Check the Want Ads:

Years ago, Hubby and I were trying to sell the stock wheels that came with our Nissan Versa, and we stumbled across a Want Ad for the exact same wheels we were selling.  We sold our wheels!  Why had this person not found our ad?  I have no idea (I’m betting on sheer laziness), but we learned to quickly check who wants what we’re selling and it’s been very profitable.

Be Available:

Don’t post an ad before heading out of town for the weekend.  Be ready for impulse shoppers who may want that item right away – or not at all!  If you’ve left email as the way to contact you, have it forwarded to your phone so you don’t miss a message and reply promptly


Before I come up with a price, I quickly search Kijiji for similar items and then I’ll look online at Amazon/Etsy/Ebay.  I make a mental note of prices of things I might be selling when I’m checking out local consignment stores or vintage shops so I have a good idea of a fair price for stuff.  Then, to make sure my item sells first, I undercut (at the very least, match) the popular pricing I see for a quick sale and no quibbling.  A fast sale has often been my priority, so I price to move but an item can still get top dollar if it’s priced well, the ad is well crafted and the seller has patience.  If I have the time, I might price a smidge higher than what I want (maybe $440 if I want $400) and then I’ve got some bargaining room for someone to offer $380, I come back at $420, they counter $400 and I get my price (cha-ching), but when I was moving I wanted fast sales so if something was worth $350, I asked $300 to move it and move it quick.

My tactic changes, depending on what I want from a sale, but there is one constant: I always have an idea of my bargaining willingness before I meet a buyer so I’m not caught off guard.  And I always makes sure I can break bills so no one plays the, “well, I only have twenties so can you take $40 instead of $50”? game.  No way, fool, I can break that twenty right now.

One thing I’ve noticed is that $20 is a magic number.  I think that it’s easy for many people to part with a single $20 bill.  There’s a psychology to shopping and buying that stores employ, but I know next to nothing about this.  I do know that I can make a stack of cash selling lots of smaller items for a magic twenty.  If I price something for $25 or $35, I’m inevitably talked down to $20 or $30 so sometimes I might just start there to save time.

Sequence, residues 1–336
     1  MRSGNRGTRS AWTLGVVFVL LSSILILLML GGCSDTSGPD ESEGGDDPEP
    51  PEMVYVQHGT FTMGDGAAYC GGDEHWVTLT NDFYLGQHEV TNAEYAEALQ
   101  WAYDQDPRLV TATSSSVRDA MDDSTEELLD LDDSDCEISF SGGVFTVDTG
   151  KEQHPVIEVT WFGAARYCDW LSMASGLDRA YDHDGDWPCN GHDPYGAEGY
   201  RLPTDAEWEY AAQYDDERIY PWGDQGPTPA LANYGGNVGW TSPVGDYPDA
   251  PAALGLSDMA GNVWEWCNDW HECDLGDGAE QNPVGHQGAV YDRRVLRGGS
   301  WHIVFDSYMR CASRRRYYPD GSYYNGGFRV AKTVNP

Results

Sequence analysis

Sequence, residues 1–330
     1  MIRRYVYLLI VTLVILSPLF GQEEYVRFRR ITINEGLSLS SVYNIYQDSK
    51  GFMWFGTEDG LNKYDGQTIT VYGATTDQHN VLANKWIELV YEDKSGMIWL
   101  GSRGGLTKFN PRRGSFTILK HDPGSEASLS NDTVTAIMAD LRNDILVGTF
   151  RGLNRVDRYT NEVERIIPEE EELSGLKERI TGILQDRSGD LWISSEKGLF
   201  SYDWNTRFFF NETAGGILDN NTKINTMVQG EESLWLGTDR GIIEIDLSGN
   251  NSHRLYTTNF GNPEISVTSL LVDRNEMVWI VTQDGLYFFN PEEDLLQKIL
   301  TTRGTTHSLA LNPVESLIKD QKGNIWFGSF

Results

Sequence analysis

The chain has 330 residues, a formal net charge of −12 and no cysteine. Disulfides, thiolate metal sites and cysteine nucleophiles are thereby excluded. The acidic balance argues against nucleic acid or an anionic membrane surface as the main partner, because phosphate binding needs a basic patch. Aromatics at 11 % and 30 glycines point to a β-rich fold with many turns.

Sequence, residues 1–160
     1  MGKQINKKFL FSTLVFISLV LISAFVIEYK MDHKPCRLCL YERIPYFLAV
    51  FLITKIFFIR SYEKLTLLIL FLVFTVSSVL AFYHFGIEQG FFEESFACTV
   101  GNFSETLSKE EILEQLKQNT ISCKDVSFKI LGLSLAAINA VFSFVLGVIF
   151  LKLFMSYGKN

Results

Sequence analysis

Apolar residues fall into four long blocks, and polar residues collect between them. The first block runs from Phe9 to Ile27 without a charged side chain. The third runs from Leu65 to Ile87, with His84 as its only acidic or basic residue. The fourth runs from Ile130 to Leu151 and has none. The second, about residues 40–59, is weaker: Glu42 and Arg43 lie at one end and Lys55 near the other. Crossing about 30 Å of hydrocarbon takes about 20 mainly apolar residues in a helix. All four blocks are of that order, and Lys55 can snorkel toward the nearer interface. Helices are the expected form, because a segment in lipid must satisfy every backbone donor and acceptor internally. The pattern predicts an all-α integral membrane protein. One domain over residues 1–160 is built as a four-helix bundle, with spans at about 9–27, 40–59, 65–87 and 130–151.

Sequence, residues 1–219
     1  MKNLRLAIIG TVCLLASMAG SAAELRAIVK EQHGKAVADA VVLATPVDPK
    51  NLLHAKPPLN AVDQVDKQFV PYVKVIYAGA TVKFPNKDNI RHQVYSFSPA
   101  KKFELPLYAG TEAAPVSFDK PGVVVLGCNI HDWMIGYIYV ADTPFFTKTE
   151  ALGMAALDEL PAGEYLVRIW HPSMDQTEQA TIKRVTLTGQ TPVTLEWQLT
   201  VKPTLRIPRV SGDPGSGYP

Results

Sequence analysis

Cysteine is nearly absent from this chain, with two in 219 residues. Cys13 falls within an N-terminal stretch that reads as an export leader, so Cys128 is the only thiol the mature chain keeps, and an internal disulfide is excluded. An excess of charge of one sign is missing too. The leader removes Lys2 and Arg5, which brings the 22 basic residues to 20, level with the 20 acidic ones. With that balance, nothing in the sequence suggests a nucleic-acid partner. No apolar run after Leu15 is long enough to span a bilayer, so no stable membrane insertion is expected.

I will sometimes add OBO (or best offer) to indicate I’m open to other prices when I really want to move something.  I’ll also offer the option for a package deal if I’m selling various items.  But both of these tactics can cheapen an item (or make me seem desperate), so I’m careful about throwing around OBO. 


  • I list many or all of my items at one time, in the hopes of luring people for multiple sales (it works!).
  • I show buyers other items I have for sale when they pick up their treasure (it works!).
  • I list a few free items to land more views for the rest of my items (most people click on “check other ads” when they see something they like, and who doesn’t like free stuff?). 
  • I provide multiple ways to reach me (I added our phone number recently because we were moving and changing numbers anyway, and I was surprised when the interest in my items doubled by folks who wanted to talk on the phone or by text, and not via email).
  • I properly categorize my items.
  • I’ve heard that having an account, with Kijiji anyway, ensures people see a complete list of what else you have for sale and it’s organized more effectively.
  • I try to be patient because sometimes it can take weeks to find the right buyer.

(then again, not everything has a buyer out there waiting):

  • I list everything I want to sell, even if I think it won’t sell (our old Rogers Cable box sold for $100 when I didn’t think we’d get a cent for it – you never know what people need or want). 
  • I sell small stuff too (someone might not drive all the way across town for Christmas ornaments, but they might add them to a purchase if they also want some furniture – it happened to me).
  • I hold a yard sale to coincide with the timing of my items to generate more interest and lure over people who want a casual glance (often they end up buying!).
  •  If I am holding a yard sale, I’ll post bigger items and let people
    “preview” them by making an appointment for the Thursday or Friday
    before the sale – it fuels that competitive edge.
  • I don’t use this, but you can link ads to Facebook to announce your items for sale to friends and followers.
  • For some ads, I’ve splurged and paid the extra fee to keep an add in the top (a great option for yard sales when you want to stand out).
  • For collectible/rare items, I will post in nearby cities and communities because some people might make the drive for that sought after item – but I’m upfront about where I’m located.
  • I follow the Kijiji restrictions, for the most part, to keep from having an ad flagged/removed.
  • If someone selling a similar item does not follow the rules, I flag their item to eliminate competition.
  • I sometimes add “ON HOLD” to the title and the
    offers come pouring in.  I think people like the idea of nabbing a good
    deal out from under someone’s nose.  
  • If I’m desperate, or there is a lot of competition (treadmills are a problem), I re-post an item daily so it stays on the top of the pile. 
  • I strategically add my listings during busy hours, which I found were
    Friday night and Saturday morning in Ottawa, but Sunday afternoon in
    Thunder Bay.
  • I might list an add in two categories (vintage furniture goes in
    “furniture” and “collectibles”), but I re-write the ad so it’s not
    immediately flagged as a duplicate (plus I use a different photo).  

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